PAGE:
10. de Sousa Jabbour ABL, Verdério Júnior SA, Jabbour CJC et al (2017) Toward greener supply chains: is there a role for the new ISO 50001 approach to energy and carbon management? Energ Effic 10:777.  https://doi.org/10.1007/s12053-016-9478-zCrossRefGoogle Scholar
  11. Doh JP, Littell B, Quigley NR (2015) CSR and sustainability in emerging markets: societal, institutional, and organizational influences. Organ Dyn 44(2):112–120.  https://doi.org/10.1016/j.orgdyn.2015.02.005CrossRefGoogle Scholar
  12. Engert S, Rauter R, Baumgartner RJ (2016) Exploring the integration of corporate sustainability into strategic management: a literature review. J Clean Prod 112:2833–2850.  https://doi.org/10.1016/j.jclepro.2015.08.031CrossRefGoogle Scholar
  13. Ferrón Vílchez V (2017) The dark side of ISO 14001: the symbolic environmental behavior. Eur Res Manag Bus Econ 23:33–39.  https://doi.org/10.1016/j.iedeen.2016.09.002CrossRefGoogle Scholar
  14. Gimenez C, Sierra V, Rodon J (2012) Sustainable operations: their impact on the triple bottom line. Int J Prod Econ 140:149–159.  https://doi.org/10.1016/j.ijpe.2012.01.035CrossRefGoogle Scholar
  15. Hahn R (2013) ISO 26000 and the standardization of strategic management processes for sustainability and corporate social responsibility. Bus Strateg Environ 22:442–455.  https://doi.org/10.1002/bse.1751CrossRefGoogle Scholar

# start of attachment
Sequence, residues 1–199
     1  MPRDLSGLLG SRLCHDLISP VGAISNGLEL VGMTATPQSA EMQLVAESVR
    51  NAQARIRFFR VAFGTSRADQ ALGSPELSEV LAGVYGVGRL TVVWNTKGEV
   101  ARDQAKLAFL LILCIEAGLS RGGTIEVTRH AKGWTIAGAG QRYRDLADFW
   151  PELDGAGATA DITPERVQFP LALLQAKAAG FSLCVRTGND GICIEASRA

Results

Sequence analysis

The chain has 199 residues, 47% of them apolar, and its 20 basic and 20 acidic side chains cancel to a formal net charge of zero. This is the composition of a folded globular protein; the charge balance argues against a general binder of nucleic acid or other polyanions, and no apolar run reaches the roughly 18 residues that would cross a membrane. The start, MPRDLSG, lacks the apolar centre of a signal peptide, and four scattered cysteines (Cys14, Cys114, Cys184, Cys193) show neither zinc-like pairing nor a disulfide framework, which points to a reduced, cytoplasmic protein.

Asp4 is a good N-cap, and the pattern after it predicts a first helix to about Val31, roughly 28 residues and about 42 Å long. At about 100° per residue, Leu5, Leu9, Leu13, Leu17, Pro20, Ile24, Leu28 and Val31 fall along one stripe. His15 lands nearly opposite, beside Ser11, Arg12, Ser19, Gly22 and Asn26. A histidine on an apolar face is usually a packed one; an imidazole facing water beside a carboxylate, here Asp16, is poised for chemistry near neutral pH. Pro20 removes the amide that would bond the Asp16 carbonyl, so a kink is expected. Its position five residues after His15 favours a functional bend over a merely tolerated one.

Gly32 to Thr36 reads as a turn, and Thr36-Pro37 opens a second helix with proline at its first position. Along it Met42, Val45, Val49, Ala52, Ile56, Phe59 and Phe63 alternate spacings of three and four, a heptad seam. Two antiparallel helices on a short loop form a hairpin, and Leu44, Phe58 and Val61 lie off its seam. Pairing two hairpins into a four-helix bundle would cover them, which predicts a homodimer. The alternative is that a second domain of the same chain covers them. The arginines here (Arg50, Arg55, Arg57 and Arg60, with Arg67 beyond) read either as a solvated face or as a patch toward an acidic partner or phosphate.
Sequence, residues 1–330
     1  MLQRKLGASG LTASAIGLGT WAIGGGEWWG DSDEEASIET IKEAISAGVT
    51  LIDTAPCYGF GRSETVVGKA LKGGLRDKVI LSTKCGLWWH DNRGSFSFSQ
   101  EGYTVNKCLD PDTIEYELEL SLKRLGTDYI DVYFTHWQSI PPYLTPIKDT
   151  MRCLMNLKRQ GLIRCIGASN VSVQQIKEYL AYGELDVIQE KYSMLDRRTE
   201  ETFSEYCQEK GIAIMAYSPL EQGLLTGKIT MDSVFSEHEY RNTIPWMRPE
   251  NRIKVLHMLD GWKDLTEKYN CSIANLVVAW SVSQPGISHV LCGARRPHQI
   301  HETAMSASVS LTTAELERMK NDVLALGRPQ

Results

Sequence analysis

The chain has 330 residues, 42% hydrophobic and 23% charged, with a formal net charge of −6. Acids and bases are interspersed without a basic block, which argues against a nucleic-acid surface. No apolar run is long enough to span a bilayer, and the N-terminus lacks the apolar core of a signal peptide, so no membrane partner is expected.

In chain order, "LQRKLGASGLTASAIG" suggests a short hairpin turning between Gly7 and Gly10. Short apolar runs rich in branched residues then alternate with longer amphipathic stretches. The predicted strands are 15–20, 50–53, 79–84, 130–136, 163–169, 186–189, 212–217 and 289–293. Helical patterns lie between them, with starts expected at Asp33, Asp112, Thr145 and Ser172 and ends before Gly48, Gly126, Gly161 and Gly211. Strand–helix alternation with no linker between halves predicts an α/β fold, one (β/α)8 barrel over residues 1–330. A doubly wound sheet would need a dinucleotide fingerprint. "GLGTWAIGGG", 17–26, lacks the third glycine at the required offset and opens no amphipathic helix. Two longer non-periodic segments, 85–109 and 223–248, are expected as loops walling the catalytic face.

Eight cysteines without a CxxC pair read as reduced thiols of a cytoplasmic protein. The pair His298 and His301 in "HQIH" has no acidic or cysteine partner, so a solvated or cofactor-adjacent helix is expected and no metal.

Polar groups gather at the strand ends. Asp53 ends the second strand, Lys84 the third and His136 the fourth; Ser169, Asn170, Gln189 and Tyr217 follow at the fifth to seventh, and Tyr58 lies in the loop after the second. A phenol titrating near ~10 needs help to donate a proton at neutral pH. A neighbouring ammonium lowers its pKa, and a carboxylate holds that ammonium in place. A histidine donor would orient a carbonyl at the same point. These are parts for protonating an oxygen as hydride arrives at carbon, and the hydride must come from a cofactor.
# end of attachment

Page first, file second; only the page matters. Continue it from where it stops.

16. Hahn T, Pinkse J, Preuss L, Figge F (2015) Tensions in corporate sustainability: towards an integrative framework. J Bus Ethics 127(2):297–316.  https://doi.org/10.1007/s10551-014-2047-5CrossRefGoogle Scholar
  17. Hubbard G (2009) Measuring organizational performance: beyond the triple bottom line. Bus Strateg Environ 191:177–191CrossRefGoogle Scholar
  18. Ilkay MS, Aslan E (2012) The effect of the ISO 9001 quality management system on the performance of SMEs. Int J Qual Reliab Manag 29(7):753–778.  https://doi.org/10.1108/02656711211258517CrossRefGoogle Scholar
  19. International Organization for Standardization ISO (2015) ISO 14001 introduction. Retrieved from http://www.iso.org/iso/introduction_to_iso_14001.pdf
  20. International Organization for Standardization ISO (2018) Contributing to the sustainable development goals with ISO standards. 23. ISBN 978–92–67-10790-5. Available online: https://www.iso.org/publication/PUB100429.html
  21. Isaksson L, KDyiessling T, Harvey M (2014) Corporate social responsibility: why bother? Organ Dyn 43(1):64–72.  https://doi.org/10.1016/j.orgdyn.2013.10.008CrossRefGoogle Scholar
  22. Kleine A, von Hauff M (2009) Sustainability-driven implementation of corporate social responsibility: application of the integrative sustainability triangle. J Bus Ethics 85(Suppl 3):517–533.  https://doi.org/10.1007/s10551-009-0212-zCrossRefGoogle Scholar
  23. Kudłak R, Szőcs I, Krumay B, Martinuzzi A (2018) The future of CSR – selected findings from a Europe-wide Delphi study. J Clean Prod 183:282–291.  https://doi.org/10.1016/j.jclepro.2018.02.119CrossRefGoogle Scholar
  24. Lozano R (2008) Developing collaborative and sustainable organizations. J Clean Prod 16:499–509.  https://doi.org/10.1016/j.jclepro.2007.01.002CrossRefGoogle Scholar
  25. Morrison-Saunders A, Pope J (2013) Conceptualising and managing trade-offs in sustainability assessment. Environ Impact Assess Rev 38:54–63.  https://doi.org/10.1016/j.eiar.2012.06.003CrossRefGoogle Scholar